But with top exporters Australia and Indonesia having already hit production limits and major producer South Africa constrained by logistical problems, some importers may struggle to maintain supply levels. The expected rush is likely to keep global coal prices elevated.
The EU ban is to take effect from mid-August, a month later than initially planned, according to two EU sources, following pressure from Germany to delay the measure.
In top-10 coal producer South Africa, Exxaro Resources told Reuters it had already received numerous requests from European countries wanting to sign supply contracts.
It said it has the right quality of coal for the European market, but that current production has already been allocated, and that South Africa's struggling rail network means miners will not be able to export more to meet the increased demand.
"South African coal producers are able to produce more coal, but significant work will need to be done to improve logistics in order to ramp up coal supply for export," Exxaro said.
State-owned rail company Transnet's capacity to haul mineral exports has been limited by cable theft and vandalism.
German energy company Uniper said it has taken steps to ensure its coal-fired power plants in Europe can be technically operated without Russian coal and decided not to extend its Russian supply contracts.
Toby Hassall, a lead analyst with Refinitiv, said most EU buyers' contracts for Russian coal would be for a year or less.
Coronado Global Resources, with metallurgical coal operations in Australia and the United States, said it has received queries for coal in recent weeks from Europe.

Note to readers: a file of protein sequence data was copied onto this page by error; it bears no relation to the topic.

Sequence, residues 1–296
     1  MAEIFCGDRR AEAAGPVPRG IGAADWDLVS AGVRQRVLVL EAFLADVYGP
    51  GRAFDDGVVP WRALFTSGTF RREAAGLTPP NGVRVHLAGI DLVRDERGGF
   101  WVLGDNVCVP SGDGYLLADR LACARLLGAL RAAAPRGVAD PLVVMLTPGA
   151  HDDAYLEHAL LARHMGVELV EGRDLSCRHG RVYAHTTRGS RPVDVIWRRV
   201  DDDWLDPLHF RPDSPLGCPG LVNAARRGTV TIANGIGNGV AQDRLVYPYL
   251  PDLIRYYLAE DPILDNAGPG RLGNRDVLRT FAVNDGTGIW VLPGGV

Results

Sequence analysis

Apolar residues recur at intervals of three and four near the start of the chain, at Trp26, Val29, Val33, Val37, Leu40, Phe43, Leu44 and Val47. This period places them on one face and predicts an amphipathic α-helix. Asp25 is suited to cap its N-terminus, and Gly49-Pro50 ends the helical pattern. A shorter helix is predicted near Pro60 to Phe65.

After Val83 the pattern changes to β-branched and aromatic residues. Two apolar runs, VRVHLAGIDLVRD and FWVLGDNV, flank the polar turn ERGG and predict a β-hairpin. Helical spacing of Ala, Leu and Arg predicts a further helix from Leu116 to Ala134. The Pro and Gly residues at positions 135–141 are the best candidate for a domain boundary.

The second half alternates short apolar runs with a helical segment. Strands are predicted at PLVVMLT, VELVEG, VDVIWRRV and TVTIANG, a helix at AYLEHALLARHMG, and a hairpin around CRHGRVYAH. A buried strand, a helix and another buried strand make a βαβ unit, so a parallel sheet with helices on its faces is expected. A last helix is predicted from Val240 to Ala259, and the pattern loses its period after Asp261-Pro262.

It expected to be able to meet some of the new demand, but said volume, destination and timeframes were confidential. Coronado expects to produce between 18 million and 19 million tonnes in 2022.
"We have plans for growth in future years beyond this," a spokesperson said in emailed comments, without elaborating.
Australian producers Whitehaven Coal and New Hope Corp said they have been approached by prospective customers but their priority was to serve existing customers.
In Asia, at least two utilities in Japan and South Korea have halted Russian coal imports. Others may have to follow suit if sanctions are expanded.
Japan, the world's third-largest coal importer, plans to reduce Russian coal imports gradually while looking for alternative suppliers due to the sanctions against Moscow, the country's industry minister said on Friday, 8 April. He acknowledged, though, that it would be hard to find alternative suppliers immediately.
Japan's Kyushu Electric Power Co Inc stopped buying Russian coal as of end-March, a company spokesperson said.
Kyushu Electric, which bought 7% of its thermal coal from Russia in the year to 31 March 2021, is procuring supplies from other regions, the spokesperson said, without specifying where.
"We have no plan to buy Russian coal this financial year," he said.
In South Korea, at least one unit of state utility Korea Electric Power Corp (KEPCO) began diversifying coal supply away from Russia in February, a source with knowledge of the matter said.
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